The F-4 Phantom jet sits proudly in the recently named Freedom Park on Grove’s east side. An official dedication ceremony was held on Tuesday, Sept. 15, about 2 years and 7 months after the jet arrived in Grove in February 2018.
The dedication began with a flyover by Boston Butters in a T-34 and Swiffer Rawson flying a YAK52. The project is sponsored by the Grove American Legion Post 178.
The plane has a special place in history as the F-4 fighter jets were credited with saving the lives of many American soldiers in the Vietnam war. During the height of the war in Southeast Asia, 72 Phantom jets were produced every month.
The F-4s were officially taken out of active service in 1996. The plane which now gleams in the morning sun was in the graveyard at Davis Monthan AFB in Arizona from March 1990 until July 1995. The Crash Damaged or Disabled Aircraft Recovery team at Holloman Air Force Base in New Mexico decided to take on the restoration of the disassembled plane as a project. Two Grove Rotarians Dave Helms and Pete Norwood saw the plane at the base in New Mexico and they decided to see what it would take to get the jet to Grove.
Norwood is a former Air Force F-4 pilot and David Helms is a former Air Force airframe structural specialist. They began the tedious process of learning was required to take possession of the jet and move it to Grove. Just discovering what needed to be done took them almost a year of work. The two former Air Force members along with Dave’s wife Beverly formed a non-profit group to try and accomplish the move.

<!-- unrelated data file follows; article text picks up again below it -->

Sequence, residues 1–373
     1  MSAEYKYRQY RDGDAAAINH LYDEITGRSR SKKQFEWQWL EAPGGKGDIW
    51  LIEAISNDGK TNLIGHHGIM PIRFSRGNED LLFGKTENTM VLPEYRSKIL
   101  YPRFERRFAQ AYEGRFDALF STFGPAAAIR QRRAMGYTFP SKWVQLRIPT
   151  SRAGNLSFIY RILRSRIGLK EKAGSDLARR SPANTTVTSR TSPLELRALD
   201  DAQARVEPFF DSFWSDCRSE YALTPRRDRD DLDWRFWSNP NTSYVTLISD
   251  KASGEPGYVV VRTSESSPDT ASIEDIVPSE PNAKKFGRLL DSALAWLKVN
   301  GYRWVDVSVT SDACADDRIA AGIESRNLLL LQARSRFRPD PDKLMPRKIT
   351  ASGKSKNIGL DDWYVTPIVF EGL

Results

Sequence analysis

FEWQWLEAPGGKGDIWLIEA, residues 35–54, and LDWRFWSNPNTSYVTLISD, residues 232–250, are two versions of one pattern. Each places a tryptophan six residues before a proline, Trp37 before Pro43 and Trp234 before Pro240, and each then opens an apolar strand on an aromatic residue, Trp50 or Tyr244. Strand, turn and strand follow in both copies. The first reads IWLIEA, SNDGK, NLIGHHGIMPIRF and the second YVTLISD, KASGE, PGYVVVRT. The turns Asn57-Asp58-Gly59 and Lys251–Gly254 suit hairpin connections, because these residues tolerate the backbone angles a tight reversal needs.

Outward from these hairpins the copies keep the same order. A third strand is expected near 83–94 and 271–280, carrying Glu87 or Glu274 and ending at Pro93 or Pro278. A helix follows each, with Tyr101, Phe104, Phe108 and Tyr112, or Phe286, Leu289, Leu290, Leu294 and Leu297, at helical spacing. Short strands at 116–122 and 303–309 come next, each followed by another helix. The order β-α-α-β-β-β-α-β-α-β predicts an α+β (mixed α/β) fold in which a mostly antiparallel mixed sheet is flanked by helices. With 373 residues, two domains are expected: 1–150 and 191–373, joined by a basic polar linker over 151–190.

The project is funded completely with private funds. Others soon joined in the project including Otto Maynard another F-4 pilot and aviation engineer along with a former Huey Helicopter pilot, Bob Brogdon. The City of Grove wrote letter supporting the project as did groups such as the Civil Air Patrol, American Legion, Veterans of Foreign Wards and interested individuals.
The plane in Grove was first flown 48 years ago in October 1972. On Tuesday, with the landscaping and blast shield complete along with a parking area, the F-4 was dedicated to veterans and their families. The hope is that it will not only honor the past but inspire the future.
Grove Mayor Ed Trumbull and State Representative Josh West welcomed the gathering. Col. Chuck DeBellevue made the trip to Grove. The Colonel was one of only five Americans to achieve flying ace status during the Vietnam War. He was a weapon systems officer and credited with six MiG kills, the most earned by any U.S. aviator during the Vietnam War.
Claremore resident Jim Finley who actually flew this F-4 also spoke at the dedication. The Gold Star wife of Lt. George Clay, Cheryl Clay was also in attendance.
The plane was retired in 1990 and was at Davis Monthan in Arizona until 1995 when she was transferred to Holloman Air Force Base.
The American Legion Commander Lee Cathey said the site has had visitors from around the country and even some international visitor. Cathey says the Post hopes to expand the displays at the park during the next few years.